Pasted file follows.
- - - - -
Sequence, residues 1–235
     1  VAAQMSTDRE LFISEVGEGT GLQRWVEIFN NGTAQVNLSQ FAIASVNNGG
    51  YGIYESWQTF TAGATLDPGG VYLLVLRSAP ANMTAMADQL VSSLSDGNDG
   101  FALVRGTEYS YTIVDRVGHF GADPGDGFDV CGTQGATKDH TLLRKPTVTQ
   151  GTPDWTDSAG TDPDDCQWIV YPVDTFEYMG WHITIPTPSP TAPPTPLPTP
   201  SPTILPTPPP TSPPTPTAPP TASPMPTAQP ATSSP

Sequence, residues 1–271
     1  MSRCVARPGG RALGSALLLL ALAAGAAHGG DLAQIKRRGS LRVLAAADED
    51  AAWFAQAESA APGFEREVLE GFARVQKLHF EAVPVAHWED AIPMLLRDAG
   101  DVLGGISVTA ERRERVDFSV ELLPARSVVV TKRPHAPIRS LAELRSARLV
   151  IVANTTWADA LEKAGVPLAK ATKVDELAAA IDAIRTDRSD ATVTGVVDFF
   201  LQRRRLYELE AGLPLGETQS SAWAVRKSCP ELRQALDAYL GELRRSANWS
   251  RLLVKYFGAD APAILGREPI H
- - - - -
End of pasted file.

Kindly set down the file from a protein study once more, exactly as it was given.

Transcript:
Sequence, residues 1–235
     1  VAAQMSTDRE LFISEVGEGT GLQRWVEIFN NGTAQVNLSQ FAIASVNNGG
    51  YGIYESWQTF TAGATLDPGG VYLLVLRSAP ANMTAMADQL VSSLSDGNDG
   101  FALVRGTEYS YTIVDRVGHF GADPGDGFDV CGTQGATKDH TLLRKPTVTQ
   151  GTPDWTDSAG TDPDDCQWIV YPVDTFEYMG WHITIPTPSP TAPPTPLPTP
   201  SPTILPTPPP TSPPTPTAPP TASPMPTAQP ATSSP

Sequence, residues 1–271
     1  MSRCVARPGG RALGSALLLL ALAAGAAHGG DLAQIKRRGS LRVLAAADED
    51  AAWFAQAESA APGFEREVLE GFARVQKLHF EAVPVAHWED AIPMLLRDAG
   101  DVLGGISVTA ERRERVDFSV ELLPARSVVV TKRPHAPIRS LAELRSARLV
   151  IVANTTWADA LEKAGVPLAK ATKVDELAAA IDAIRTDRSD ATVTGVVDFF
   201  LQRRRLYELE AGLPLGETQS SAWAVRKSCP ELRQALDAYL GELRRSANWS
   251  RLLVKYFGAD APAILGREPI H